Belarus: tens of thousands arbitrarily detained

belarus cops

Tens of thousands of people—many of them peaceful protesters—have been arbitrarily detained in Belarus over the past two and a half years, UN Deputy High Commissioner for Human Rights Nada Al-Nashif said March 21. The charge came as Al-Nashif presented a report outlining rights violations in Belarus to the UN Human Rights Council, focusing on events leading up to and following the contested 2020 Belarusian presidential election and the ensuing protests. The report presents evidence of the unlawful deaths of at least five people, 100 or more cases of sexual and gender-based violence, as well as widespread unnecessary and disproportionate use of force, attacks on independent media, and unfair sentences that the report calls “politically motivated.”

The report also urges the overturn of several oppressive legislative amendments, including one that allows the termination of citizenship of those who “participat[e] in extremist activities or caus[e] serious harm to the interests of the Republic of Belarus.” Al-Nashif commented:

The notion of “extremism” is defined too broadly in national legislation… [T]here were many criminal cases in 2022 by the [Belarusian] Prosecutor General’s Office based on allegations of “extremism.” These amendments, which provide broad license for abusive repression and open the door to statelessness, should be revoked.

Another concern raised in the report is the broadened scope of the death penalty to include offenses that would not qualify under international standards.

Al-Nashif called on UN member states to use legal measures to hold Belarus accountable:

Prompt, effective, transparent and independent investigations must be launched into all past human rights violations, with provision of adequate remedies, including due accountability for perpetrators. Given the current circumstances of limited accountability prospects in Belarus, other Member States should also consider working towards accountability through national proceedings, based on accepted principles of extraterritorial and universal jurisdiction, consistent with international due process and fair trial standards.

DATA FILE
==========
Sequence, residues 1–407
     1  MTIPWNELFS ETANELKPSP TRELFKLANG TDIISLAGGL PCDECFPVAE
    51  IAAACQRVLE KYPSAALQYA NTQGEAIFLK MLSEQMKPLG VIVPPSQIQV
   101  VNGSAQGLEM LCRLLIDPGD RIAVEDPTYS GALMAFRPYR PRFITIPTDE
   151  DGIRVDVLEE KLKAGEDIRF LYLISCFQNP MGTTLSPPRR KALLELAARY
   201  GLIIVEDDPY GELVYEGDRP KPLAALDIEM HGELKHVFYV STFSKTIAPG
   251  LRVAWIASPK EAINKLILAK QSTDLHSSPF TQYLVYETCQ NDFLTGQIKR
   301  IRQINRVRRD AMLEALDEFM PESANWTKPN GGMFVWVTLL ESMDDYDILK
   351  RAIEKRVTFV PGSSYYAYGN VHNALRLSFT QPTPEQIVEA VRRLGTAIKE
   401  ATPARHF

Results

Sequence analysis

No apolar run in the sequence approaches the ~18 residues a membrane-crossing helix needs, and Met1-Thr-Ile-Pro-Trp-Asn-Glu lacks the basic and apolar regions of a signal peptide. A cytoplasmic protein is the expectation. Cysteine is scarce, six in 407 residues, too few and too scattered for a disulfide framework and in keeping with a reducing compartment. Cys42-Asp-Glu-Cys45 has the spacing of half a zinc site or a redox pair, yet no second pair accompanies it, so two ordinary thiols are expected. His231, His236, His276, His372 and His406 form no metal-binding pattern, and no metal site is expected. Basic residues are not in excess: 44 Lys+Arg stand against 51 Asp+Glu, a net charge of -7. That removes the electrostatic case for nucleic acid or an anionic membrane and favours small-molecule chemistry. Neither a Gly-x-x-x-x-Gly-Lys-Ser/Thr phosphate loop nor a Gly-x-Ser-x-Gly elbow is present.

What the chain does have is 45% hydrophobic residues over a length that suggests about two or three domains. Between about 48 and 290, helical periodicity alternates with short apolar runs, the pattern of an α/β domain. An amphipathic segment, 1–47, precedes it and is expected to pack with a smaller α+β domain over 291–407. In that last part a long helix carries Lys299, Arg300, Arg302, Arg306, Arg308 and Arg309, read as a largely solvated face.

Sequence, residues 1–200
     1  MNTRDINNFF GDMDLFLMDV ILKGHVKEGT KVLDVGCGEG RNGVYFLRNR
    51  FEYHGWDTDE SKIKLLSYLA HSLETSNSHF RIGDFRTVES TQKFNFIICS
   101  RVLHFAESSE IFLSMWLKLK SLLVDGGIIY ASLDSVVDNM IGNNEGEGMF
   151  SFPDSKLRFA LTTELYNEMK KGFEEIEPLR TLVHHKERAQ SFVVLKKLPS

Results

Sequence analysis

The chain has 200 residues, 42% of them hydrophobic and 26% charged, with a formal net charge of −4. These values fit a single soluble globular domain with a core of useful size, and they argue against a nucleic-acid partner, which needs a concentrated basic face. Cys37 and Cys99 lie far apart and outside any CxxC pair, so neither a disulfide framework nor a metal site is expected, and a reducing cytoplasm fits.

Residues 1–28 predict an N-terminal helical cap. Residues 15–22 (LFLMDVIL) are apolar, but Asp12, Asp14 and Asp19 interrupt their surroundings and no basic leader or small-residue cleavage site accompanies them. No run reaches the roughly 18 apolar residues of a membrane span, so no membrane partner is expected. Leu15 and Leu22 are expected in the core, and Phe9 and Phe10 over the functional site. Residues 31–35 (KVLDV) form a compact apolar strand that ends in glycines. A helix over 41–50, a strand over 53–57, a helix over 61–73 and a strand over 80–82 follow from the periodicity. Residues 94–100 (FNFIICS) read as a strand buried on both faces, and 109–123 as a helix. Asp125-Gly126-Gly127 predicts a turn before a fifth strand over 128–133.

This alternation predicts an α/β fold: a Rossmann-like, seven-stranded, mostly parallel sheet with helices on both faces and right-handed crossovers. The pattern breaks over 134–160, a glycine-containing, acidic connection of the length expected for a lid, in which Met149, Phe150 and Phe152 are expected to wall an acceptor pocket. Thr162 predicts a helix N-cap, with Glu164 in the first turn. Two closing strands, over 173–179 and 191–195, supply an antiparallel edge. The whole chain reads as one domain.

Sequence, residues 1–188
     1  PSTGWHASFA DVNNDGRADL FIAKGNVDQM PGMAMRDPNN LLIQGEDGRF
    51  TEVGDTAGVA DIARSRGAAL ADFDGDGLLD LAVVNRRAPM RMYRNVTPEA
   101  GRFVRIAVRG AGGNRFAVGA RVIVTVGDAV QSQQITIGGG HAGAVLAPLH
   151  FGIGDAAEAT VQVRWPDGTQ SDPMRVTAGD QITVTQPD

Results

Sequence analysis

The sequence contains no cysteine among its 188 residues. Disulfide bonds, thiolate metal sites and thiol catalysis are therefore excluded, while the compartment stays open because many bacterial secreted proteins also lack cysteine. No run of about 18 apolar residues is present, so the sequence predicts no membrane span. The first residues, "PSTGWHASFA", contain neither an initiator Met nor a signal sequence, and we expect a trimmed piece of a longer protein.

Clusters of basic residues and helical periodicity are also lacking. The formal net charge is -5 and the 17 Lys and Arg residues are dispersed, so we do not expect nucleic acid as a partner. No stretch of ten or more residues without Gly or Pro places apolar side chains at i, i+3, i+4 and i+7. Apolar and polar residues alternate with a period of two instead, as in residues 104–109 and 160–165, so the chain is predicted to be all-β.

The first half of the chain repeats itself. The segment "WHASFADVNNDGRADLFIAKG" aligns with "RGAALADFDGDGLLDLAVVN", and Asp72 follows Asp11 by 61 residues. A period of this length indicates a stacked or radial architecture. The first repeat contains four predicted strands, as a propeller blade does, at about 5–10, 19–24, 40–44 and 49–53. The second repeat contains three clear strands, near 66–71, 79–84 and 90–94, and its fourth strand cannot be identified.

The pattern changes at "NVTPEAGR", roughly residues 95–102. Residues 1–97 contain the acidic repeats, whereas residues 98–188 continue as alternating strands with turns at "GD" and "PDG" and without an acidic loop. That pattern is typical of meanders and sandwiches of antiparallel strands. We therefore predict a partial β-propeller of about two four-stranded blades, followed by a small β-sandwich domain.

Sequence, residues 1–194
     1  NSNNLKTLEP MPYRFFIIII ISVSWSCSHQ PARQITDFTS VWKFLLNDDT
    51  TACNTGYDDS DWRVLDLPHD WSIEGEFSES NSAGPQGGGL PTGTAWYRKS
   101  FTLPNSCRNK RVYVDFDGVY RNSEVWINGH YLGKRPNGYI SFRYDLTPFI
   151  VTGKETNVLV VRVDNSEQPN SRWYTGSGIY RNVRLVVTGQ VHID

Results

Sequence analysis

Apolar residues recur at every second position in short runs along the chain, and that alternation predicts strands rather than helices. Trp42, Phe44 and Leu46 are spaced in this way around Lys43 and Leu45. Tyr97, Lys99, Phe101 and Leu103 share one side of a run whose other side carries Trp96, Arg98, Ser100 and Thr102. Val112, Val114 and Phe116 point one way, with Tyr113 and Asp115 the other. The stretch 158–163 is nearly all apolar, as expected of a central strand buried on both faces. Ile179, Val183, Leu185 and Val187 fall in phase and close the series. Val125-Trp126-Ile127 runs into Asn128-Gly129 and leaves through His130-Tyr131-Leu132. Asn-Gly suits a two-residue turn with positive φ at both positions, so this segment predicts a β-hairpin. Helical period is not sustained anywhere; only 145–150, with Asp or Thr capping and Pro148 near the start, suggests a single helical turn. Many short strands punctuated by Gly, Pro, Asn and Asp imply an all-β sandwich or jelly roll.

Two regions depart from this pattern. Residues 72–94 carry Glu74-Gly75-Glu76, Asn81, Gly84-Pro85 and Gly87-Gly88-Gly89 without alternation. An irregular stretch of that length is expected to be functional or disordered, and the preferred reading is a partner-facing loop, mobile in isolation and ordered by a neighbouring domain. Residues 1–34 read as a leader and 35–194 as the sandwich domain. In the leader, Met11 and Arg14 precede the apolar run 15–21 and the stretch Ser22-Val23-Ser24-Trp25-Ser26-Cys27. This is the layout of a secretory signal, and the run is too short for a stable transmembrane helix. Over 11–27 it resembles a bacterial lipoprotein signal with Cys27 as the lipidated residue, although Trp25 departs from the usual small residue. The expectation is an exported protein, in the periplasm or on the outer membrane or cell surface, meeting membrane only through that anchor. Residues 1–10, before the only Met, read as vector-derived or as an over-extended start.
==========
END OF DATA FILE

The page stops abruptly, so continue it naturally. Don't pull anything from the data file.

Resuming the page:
The report is not the first of its kind. In March 2022, the High Commissioner’s office released its first report on the human rights situation related to the contested 2020 election. That report documented the use of unnecessary crowd-control weapons on protestors, some 5,000 complaints of ill-treatment of detainees, and trials that failed to uphold basic procedural guarantees.

Release of the new report follows a statement from High Commissioner Volker Türk last week calling for an end to human rights abuses in Belarus.

From Jurist, March 22. Used with permission.


  1. Belarus: rights activist gets seven years in penal colony

    A Belarusian court sentenced Nasta Loika, founder of the human rights organization Human Constanta, to seven years in a penal colony on June 20. The court found Loika guilty of “inciting social hatred” for her reports on police abuses. The trial was closed to media and had only limited public viewing space available.

    UN Special Rapporteur on Human Rights Defenders Mary Lawlor condemned the sentencing, saying, “This appalling verdict is a new step in Belarus’ crackdown on civil society & HRDs.” (Jurist)